REVIEW: Playdate with Destiny [2020]

If you didn’t know Disney bought Fox yet, you will after watching Playdate with Destiny—a new Simpsons short playing before Pixar’s latest, Onward. The bookends are overt brand management with a “Disney presents” at the start and a silhouette of Mickey sitting amongst Gracie Film’s usual patrons during its post-credits bumper. It’s an undeniably smart move to pair properties in such a visible fashion and I have to imagine it won’t be the last time it happens (just wait until Simpsons characters become Easter eggs alongside the usual stable of…

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REVIEW: The Fall [2019]

Taking from his music video background of surreally nightmarish visions, director Jonathan Glazer delivered a surprise seven-minute short last year entitled The Fall. The description says it all: “a masked mob cruelly punish a lone masked man.” We see them shake the tree to which their victim clings tightly, pick him up off the forest floor, affix a noose around his neck, and let him descend through a seemingly never-ending pit beneath the gallows. The ordeal is off-putting in its lack of context and eerily disturbing in its use of…

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REVIEW: Les misérables [2017]

We’ll shake down Cosette. How do toxic traits shared by plenty of police officers around the world (they exist regardless of whether they’re exceptions or the rule depending on your viewpoint) manifest? Is the attitude that your fraternity trumps abuse taught? Or is it learned? Because we want to believe that this brotherhood only goes so far as protecting a compatriot from the collective danger they face together every time they walk the streets. To continually watch it spill over into this prevalently unwritten code of protecting them from the…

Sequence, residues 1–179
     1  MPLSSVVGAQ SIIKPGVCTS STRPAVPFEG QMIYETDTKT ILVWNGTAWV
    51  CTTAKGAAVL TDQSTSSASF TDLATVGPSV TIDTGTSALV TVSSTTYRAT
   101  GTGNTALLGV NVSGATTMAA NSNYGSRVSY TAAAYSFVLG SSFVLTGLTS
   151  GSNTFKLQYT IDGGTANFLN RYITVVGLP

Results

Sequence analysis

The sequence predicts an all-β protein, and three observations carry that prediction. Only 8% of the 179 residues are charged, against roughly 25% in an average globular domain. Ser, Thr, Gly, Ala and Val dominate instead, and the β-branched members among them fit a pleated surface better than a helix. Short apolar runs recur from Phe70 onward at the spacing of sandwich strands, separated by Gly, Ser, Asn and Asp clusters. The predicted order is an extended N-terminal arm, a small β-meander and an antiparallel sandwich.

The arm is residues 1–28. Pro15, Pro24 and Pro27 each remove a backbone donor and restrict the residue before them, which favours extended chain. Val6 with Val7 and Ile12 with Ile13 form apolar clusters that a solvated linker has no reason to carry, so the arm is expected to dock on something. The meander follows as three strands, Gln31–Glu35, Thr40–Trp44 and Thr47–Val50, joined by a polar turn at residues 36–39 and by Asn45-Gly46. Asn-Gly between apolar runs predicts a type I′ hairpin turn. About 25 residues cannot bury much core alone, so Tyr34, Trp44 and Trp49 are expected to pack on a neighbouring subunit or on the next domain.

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REVIEW: Mémorable [Memorable] [2019]

Don’t let go of me. Animation allows an artist so much more room to breathe than live action—especially when confronted by issues we can’t see with the naked eye. Bruno Collet‘s topic is dementia and his short film Mémorable [Memorable] depicts it with a stunning beauty via post-modern styles. As Louis’ (André Wilms) falls further behind reality, his view of the world gradually degrades into visions of melting objects (surrealism), disfigured visages (cubism), and a decrease in detail until he himself becomes smoothed out along the edges (impressionism). He begins…

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REVIEW: Dcera [Daughter] [2019]

Our lives are full of regret. Sometimes we possess the strength to overcome it. Sometimes we don’t try until the opportunity is already lost. This risk is present at the heart of Daria Kashcheeva‘s Dcera [Daughter] and its father/daughter duo quietly at odds while he lies in a hospital bed. Neither is willing to break the silence and we’re unsure why until a crash is heard and a bird found beneath a broken window. It jogs both characters into a state of remembrance: the daughter recalling a moment where her…

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REVIEW: Saria [2019]